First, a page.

I’ve often heard it said that time heals all wounds, but I actually think love is a more complete and efficient healer than time. Time is a finite gift; the amount of love we can take in and give away is infinite. The only limit love knows is our desire to give and receive. Phineas can never get enough and can never give enough. He’s a wonderful role model of courage and bravery, for believing that life can always get better no matter how far down in the doldrums we are. Love is what helps us make that journey.
A year ago, he was starving and lonely, abandoned in the woods. Today, he sleeps in a warm, down-filled bed in a (cozy) penthouse apartment on the upper west side of Manhattan, has a bottomless bowl of organic food, and laps up buckets of overflowing love that are showered on him every day. He let go of his past and moved on so that he could appreciate all the love available to him in his new life.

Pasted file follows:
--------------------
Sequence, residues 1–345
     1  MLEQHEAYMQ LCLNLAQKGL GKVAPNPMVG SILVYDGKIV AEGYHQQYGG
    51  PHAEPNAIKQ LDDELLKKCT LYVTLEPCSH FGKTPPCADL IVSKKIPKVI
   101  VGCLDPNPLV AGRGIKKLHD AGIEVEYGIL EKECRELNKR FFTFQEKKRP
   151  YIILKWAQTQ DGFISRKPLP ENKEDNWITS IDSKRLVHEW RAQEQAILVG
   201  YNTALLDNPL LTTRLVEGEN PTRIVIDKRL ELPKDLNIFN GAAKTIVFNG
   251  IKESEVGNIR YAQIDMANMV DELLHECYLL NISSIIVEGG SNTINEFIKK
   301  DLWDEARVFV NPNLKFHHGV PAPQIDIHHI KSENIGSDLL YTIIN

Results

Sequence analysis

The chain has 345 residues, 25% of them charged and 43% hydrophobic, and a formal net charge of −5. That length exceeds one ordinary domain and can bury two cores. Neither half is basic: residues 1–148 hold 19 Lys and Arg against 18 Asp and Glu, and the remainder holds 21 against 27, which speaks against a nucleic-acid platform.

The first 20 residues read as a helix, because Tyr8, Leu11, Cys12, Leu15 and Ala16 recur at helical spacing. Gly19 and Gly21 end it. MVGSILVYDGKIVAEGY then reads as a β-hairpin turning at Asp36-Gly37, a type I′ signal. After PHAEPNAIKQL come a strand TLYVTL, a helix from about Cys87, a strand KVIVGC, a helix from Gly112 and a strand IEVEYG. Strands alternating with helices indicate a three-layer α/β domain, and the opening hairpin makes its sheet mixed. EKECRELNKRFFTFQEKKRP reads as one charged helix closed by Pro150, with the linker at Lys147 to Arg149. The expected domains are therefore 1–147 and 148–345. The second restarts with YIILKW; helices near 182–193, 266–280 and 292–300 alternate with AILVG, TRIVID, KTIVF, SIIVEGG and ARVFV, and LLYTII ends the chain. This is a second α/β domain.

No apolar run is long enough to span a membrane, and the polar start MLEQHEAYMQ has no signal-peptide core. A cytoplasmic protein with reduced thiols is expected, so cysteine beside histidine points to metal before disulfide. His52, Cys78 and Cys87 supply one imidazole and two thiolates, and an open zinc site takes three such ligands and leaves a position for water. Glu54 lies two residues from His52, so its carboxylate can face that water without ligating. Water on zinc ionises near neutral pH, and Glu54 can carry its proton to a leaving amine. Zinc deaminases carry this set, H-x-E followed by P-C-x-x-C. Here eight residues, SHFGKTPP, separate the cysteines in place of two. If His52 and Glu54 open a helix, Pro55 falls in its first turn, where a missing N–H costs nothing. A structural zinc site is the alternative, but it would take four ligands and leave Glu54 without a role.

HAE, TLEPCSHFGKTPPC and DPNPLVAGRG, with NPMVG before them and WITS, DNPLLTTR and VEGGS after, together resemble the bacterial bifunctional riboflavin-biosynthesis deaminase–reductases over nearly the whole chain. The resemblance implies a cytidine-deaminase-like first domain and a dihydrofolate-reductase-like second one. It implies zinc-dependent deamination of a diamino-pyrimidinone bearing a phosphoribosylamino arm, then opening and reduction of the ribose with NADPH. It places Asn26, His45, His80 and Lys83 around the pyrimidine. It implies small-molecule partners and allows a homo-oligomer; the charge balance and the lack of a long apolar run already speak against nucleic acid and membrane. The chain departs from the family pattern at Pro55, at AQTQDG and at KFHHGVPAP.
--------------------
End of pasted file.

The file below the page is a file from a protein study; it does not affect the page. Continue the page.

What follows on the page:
We should all be as appreciative as he is of the gift of another day. And we can be. All we have to do is give love, receive love, and revel in the exchange. Happy birthday, Phin!
A lot of people ask me how I can live such a varied life with so many interests that don’t necessarily fit together in a logical way. I like being a Renaissance woman; I love figuring just how all the pieces come together, even if on the surface they seem to have nothing to do with each other. I am a firm believer in connections and relationships.
I’ve struggled a bit to come up with a good answer for people who truly want to know how I fit it all in, how all these subjects and activities can live side-by-side in my brain. Part of it is my training – I’ve been on a vertical learning curve all my life, so much so that it’s where I’m most comfortable and engaged. I like having a challenge nip at me until I crack the code. For me, that’s play.